rad: I don't specifically recall when I first started Huzzah! Probably around 2004 after some initial success with DTP I Fights Mits Sigel (a Rebel Yell game). I first offered Huzzah as a DTP around 2006, So it took me about two years of testing and refining before I offered it publicly. Since then, I've continued tweaking the system. There have been few radical changes, mostly clarifications and quiet adjustments. The biggest change came about because of Bill Byrne's AAR, and then but to clarify artillery capabilities. The re-formatted Rebel Yell system provided a sound foundation on which to build. So overall the work has been 10 years in the making with countless playings along the way. No that much in the way of rule changes, though.
What sort of research regimen do you use?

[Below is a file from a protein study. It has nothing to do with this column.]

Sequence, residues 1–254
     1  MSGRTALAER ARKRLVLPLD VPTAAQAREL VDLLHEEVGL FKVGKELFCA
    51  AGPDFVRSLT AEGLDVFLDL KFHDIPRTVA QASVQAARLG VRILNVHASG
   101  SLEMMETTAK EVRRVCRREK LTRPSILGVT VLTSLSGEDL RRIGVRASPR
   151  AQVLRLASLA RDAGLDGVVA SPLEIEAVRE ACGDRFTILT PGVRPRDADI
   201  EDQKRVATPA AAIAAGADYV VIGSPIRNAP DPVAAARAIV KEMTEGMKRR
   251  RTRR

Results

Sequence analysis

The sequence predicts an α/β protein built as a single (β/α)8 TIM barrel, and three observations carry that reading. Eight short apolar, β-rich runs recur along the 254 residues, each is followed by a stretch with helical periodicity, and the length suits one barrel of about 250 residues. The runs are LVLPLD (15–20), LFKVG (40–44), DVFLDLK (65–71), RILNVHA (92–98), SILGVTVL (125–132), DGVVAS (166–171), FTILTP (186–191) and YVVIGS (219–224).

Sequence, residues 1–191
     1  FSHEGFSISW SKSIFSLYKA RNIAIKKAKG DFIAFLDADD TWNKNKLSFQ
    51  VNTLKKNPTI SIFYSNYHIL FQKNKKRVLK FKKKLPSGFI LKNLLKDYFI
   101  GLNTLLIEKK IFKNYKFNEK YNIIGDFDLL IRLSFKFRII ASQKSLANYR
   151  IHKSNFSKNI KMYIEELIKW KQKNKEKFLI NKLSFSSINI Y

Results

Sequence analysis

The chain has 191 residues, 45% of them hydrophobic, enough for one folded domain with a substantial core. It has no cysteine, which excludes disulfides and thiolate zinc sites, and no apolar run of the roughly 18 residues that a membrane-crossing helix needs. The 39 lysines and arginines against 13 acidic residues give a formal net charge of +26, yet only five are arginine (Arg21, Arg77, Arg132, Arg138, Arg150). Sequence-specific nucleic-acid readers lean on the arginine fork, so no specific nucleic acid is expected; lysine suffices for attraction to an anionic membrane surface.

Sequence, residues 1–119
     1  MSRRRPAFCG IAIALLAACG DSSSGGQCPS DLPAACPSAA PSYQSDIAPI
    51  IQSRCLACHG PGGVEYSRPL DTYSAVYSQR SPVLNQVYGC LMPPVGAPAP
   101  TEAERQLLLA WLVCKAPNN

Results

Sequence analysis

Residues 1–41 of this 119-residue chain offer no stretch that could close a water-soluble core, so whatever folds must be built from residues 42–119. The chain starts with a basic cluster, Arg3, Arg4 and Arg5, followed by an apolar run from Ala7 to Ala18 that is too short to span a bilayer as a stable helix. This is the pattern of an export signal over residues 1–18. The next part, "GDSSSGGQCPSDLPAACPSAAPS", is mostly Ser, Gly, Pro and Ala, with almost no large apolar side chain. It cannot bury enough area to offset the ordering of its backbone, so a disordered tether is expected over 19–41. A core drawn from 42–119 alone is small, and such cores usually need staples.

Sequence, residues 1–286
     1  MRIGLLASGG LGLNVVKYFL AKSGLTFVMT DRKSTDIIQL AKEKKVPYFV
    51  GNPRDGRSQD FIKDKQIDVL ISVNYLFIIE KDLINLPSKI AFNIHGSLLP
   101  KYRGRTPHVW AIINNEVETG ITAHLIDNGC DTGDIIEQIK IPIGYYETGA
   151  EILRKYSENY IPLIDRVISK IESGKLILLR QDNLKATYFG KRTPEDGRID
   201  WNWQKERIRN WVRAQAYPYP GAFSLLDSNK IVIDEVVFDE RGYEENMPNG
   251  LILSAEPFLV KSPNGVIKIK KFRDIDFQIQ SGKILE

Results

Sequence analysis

rad: First I look to general tactical overviews. Paddy Griffith's Battle Tactics of the Civil War and his shorter Battle in the Civil War are my bibles, followed closely by Jack Coggins Arms and Equipment of the Civil War. The Bloody Crucible of Courage by Brent Nosworthy and McWhinney & Jamieson's Attack and Die also provide some spice. After these I take one or two reputable narratives specific to a battle and build on them. For example, Old Burn at Newbern extrapolates largely on an article I found in Blue and Gray magazine. For Iuka I used Peter Cozzens' account in The Darkest Days of the War. I won't recite the entire bibliography, but you get the idea. Essentially I take generic principles and apply them to the specific instances of a battle. Of course, I adjust as necessary to account for unit morale, leadership, and weaponry (at least as I interpret them). For added flavor I research period battle flags and leader images to decorate the pieces.